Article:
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China’s factories are shut for Lunar New Year—so why has air pollution gotten even worse?

AP Photo/Andy Wong
Homeward bound.
By Heather Timmons
ChinaPublished Last updated This article is more than 2 years old.

This week marks the start of the Chinese Lunar New Year holiday, and offices and businesses are mostly closed. But if you thought that closing down the coal-fired factories that are largely to blame for country’s choking air pollution, you would be wrong.

Here’s a snapshot of the air quality map on Tuesday, Jan. 28 at 11am in China from, a Beijing-based online pollution tracker. The dark maroon color shows the highest level of pollution, and in some spots particulate matter of 2.5 microns and below, known as PM 2.5, is above the 500 micrograms per cubic meter of air level, which is the very top end of the “hazardous” zone in the US EPA’s “Levels of Health Concern” ranking:

Air Pollution in Asia

By Wednesday afternoon, it seemed that the the pollution was lessening in some areas, as businesses wound down and China’s citizens began their great migration home:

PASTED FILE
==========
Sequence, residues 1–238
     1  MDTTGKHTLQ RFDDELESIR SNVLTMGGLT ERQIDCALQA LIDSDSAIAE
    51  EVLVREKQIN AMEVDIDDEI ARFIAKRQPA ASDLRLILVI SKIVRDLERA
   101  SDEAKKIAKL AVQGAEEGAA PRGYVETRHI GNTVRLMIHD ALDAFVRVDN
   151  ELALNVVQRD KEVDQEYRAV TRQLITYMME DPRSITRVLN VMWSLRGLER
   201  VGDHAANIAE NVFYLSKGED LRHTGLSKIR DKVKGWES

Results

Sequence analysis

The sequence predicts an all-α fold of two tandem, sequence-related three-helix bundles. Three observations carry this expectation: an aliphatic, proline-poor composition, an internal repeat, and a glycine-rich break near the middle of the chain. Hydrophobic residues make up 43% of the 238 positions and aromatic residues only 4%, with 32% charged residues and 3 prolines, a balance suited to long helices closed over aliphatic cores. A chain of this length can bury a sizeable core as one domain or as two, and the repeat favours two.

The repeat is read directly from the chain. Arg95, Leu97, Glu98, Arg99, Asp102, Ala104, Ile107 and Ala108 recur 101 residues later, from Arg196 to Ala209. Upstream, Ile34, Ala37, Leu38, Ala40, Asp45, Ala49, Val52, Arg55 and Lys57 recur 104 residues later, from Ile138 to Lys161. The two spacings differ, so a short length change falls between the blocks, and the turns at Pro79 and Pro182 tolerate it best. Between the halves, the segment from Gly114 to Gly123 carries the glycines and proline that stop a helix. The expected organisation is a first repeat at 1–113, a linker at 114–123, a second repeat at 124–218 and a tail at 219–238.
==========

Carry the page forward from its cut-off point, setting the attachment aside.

On Friday morning, all government-run factories and most private ones had closed. But pollution levels seemed to have reached new, unthinkable levels, going as high as 999 in some cities. Here’s a shot of the pollution map at 8:30am:

Chinese officials said earlier they anticipated citizens to make 3.2 billion trips by road over the holiday, most of them by bus or coach, which is probably the source of much of the pollution. While officials announced plans to introduce “green buses” in 2012, including making 80% of Beijing’s buses run on electricity or natural gas, many buses in China now still burn petroleum, and emission standards lag the EU and US.

Holiday celebrations also contributed in another way—fireworks at a midnight are a big part of New Years Eve celebrations, and there was a spike in pollution after midnight in Beijing. Chinese state media reported, though, that Beijing’s air quality had improved substantially from last year, as some residents replaced fireworks with flower-tossing.

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